Wednesday, June 13, 2007

When the Pieces Don't All Fit Together

And I so very much wanted to get my summary of the UK Copyright acts done before leaving for the UK, but it doesn't look like I'll have the time. And less than 200 verses to go, too.

So far, my impression is rather negative. Although I like the way the UK created a separate entity for "Design" rather than lumping it between copyright, patent, and trademark (as in the U.S.), UK's copyright laws are very heavy handed and intrusive, with very little rights for the public and an assumption of guilty in all cases.


Saarya and I played a game of Blokus in the last evening that I would be seeing him before I leave. Astoundingly, I won. I frankly don't ever expect to win any more abstract games against him. I would love to get him playing Go.

My copy of Blokus came missing a piece, which I am hopefully going to pick up today.

Games Arrived

A few games for the group have arrived: Atlantic Star, Industria, Lost Valley, and Mississippi Queen. I may have a chance to look at them at tonight's game night, but after that the game group will have the opportunity to play them before I do.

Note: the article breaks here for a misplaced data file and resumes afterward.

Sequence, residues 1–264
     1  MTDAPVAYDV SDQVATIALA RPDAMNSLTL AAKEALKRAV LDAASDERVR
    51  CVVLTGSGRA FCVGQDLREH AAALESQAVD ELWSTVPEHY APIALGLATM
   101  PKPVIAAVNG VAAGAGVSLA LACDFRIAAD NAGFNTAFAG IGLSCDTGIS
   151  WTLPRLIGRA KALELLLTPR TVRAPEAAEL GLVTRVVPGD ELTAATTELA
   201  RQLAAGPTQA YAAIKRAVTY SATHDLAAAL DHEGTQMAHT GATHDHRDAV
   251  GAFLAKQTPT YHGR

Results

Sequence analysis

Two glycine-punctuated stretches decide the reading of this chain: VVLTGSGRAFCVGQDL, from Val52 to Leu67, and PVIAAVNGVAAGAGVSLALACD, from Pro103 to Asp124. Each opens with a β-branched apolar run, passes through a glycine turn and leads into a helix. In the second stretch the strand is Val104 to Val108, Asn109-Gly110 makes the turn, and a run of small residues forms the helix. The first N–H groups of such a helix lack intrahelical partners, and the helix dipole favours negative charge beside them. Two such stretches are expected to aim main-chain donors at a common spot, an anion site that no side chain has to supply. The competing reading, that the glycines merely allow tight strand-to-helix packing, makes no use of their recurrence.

Now I'm off to pack to see what I still need to buy.

An Israeli in London

Oh, and I was toying with the idea of taking a big sign that says "I'm an Israeli: ask me questions about Israel" and planting myself somewhere in the middle of London for a day. But my mom thinks I would get stones thrown at me.



Coldfoot said...

Dude, do your research. London is not the West Bank, but radical Muslims have much more than a toe hold in Jolly Old England.

Bad plan.

Pleader said...

Not just 'radical muslims' my friend, but also just people with a different point of view and too much attitude. As in Israel, Israel is a politically laden word and "issue" worldwide. Be careful if you do it.

(I'm just picturing what would occur with someone doing this in little old Adelaide, and then translating the hassle factor up a bit because you're talking about London).

Fellonmyhead said...

Actually most people would probably just ignore you and go about their business (especially in London where nobody can sit still unless it's for coffee or beer); but there's always some clown who wants to be confrontational - that's the British way, I'm afraid.